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Both sides of the coin

Most people who support a woman’s right to choose when to have children call themselves just that – pro choice. While most rankle at the lazy characterization of “pro-abortion”, I’m personally okay with it. I am for abortion access. I think every time someone makes the choice to have a child it should be celebrated, and every time someone decides that now is not the right time, that’s a smart move too. I feel no sense of moral panic at the consequences of my stance. Anyone who would use abortion as birth control (the religious right’s nighmare scenario) isn’t someone I want raising a child, not even as some kind of twisted form of ‘just deserts’ punishment.

As I’ve explained before, it is wildly inaccurate to call the opposite side – the anti-choice side – anything else. They’re not “anti-abortion”, since restrictions on abortion do not reduce the overall number of abortions. And they’re not “pro-life”, because when women seek out abortion services outside of a licensed medical practitioner, the results can be fatal:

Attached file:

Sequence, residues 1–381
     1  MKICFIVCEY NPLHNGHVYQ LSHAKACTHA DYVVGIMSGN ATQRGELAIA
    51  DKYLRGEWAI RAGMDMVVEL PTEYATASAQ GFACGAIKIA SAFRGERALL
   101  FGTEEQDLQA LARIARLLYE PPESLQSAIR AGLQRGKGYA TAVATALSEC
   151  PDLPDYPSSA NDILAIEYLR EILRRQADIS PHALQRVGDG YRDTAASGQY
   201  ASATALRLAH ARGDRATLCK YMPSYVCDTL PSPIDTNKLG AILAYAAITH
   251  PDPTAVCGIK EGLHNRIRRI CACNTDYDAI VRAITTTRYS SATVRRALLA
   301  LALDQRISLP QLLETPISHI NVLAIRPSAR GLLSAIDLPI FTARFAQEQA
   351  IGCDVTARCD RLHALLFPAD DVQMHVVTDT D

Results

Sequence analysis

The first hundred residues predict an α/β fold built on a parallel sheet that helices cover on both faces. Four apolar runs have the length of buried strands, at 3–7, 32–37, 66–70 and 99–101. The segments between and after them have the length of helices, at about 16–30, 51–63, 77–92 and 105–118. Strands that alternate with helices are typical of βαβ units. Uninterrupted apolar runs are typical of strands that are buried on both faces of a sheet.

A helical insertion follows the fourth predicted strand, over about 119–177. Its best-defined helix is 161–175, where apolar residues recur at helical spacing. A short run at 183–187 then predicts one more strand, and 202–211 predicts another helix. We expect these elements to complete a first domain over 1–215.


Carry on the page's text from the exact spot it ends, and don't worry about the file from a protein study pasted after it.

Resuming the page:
A rising proportion of abortions worldwide are putting women’s health at risk, researchers say. The World Health Organization study suggests global abortion rates are steady, at 28 per 1,000 women a year. However, the proportion of the total carried out without trained clinical help rose from 44% in 1995 to 49% in 2008.

The fact that doesn’t filter through to the clinic-picketing placard-holding, pamphlet-distributing, pseudo-fascists that comprise the “embryos are corporations people” camp, is that making something illegal does not make it stop. You could lock up every doctor in the world, and people would still conceive unwanted children – this is to say nothing of the number of children who cannot be brought to term because doing so would likely kill the mother. Prohibition leads to illicit activity, not a reduction in the level of activity, which is precisely what this study suggests.